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Tuesday, October 21, 2014

Prairie Sentinals

2012 Vacation Transport
It was the summer of 2012. Our destination was a fiddle festival near Saskatoon, Saskatchewan. We accumulated spectacular memories as we travelled from Campbell River, British Columbia through the interior of BC, all the way through Alberta and into Saskatchewan.

Along our secondary road route, my husband, Frank, and I paid special attention to the grain elevators also known as prairie sentinels.

Chauvin, AB Grain Elevator
Along Highway 14 East, we turned south on secondary road 610 to seek out a place to have breakfast in the great outdoors. At once we were taken with their grain elevator and took several photos. The town of Chauvin sits alone now because the railway grain transporter cars no longer stop there.

Afterward, we headed north and came across two other isolated grain elevators. One with the name Gotze and the other with Butze painted on the side. Later, the secondary road number changed to 680 as we passed over the Alberta Border to Saskatchewan.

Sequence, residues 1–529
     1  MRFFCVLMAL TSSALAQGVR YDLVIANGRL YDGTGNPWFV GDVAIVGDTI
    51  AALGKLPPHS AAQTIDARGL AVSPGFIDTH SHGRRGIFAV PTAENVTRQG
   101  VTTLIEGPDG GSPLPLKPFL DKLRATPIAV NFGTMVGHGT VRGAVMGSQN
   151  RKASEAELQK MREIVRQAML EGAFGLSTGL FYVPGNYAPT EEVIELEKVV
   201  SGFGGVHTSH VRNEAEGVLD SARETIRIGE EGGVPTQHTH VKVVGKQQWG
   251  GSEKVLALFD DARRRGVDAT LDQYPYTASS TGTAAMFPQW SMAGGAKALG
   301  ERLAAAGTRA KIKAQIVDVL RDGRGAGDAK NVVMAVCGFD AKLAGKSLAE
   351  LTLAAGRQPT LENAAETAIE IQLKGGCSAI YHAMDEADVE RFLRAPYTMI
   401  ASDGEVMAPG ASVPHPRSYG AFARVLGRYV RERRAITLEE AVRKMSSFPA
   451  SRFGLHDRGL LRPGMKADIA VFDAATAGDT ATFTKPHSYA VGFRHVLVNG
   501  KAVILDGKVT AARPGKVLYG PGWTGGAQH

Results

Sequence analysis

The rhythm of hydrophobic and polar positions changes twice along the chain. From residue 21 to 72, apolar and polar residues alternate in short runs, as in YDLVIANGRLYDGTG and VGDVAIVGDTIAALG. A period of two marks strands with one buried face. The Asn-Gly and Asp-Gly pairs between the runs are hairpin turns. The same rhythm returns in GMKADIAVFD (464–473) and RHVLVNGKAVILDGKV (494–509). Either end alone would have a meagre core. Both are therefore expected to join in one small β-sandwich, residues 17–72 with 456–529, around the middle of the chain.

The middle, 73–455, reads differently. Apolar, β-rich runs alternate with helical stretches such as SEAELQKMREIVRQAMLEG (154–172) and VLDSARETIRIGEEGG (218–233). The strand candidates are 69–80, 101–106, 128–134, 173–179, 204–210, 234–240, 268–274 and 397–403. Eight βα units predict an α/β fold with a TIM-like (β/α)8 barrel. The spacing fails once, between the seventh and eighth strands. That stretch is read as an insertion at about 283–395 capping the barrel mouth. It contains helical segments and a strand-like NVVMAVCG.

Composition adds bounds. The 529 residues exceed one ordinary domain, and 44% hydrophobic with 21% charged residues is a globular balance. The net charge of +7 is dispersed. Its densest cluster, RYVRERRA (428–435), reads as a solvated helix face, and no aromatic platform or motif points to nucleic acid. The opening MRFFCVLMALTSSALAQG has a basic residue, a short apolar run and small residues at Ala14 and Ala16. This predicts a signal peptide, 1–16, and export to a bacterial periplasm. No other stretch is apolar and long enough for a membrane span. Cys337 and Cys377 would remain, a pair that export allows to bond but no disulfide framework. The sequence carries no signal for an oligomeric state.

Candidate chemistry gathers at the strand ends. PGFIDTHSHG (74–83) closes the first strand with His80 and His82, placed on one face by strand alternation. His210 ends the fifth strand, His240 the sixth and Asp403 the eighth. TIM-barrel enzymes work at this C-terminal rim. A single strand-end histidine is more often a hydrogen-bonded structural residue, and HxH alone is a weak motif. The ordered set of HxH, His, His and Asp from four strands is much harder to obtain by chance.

Butze, AB Grain Elevator 

Marsden, SK Grain Elevator
We continued to drive north east to Marsden where we came across a working prairie cathedral. We spoke to the grain elevator operator and commented on their decline. He agreed that there weren’t many of the wooden structures left.

“I’d always hoped that some of them would be converted to a museum,” Frank said.

“Well sir, you’re in luck. Just less than an hour’s drive west of here, Paradise Valley has a huge museum right in the elevator,” he said.

Paradise Valley, AB Grain Elevator
After we learnt directions, we travelled northwest to reach the Paradise Valley prairie cathedral. We arranged with the local keeper of the key to let us in and we walked up a gently sloped wooden spiral platform viewing the history of that particular elevator and the times in which it existed. We stayed at the local campground that night and enjoyed the stark drama of an Alberta rain storm with its crackling lighting and booming thunder.

If you are interested in grain elevators, here’s a good source.

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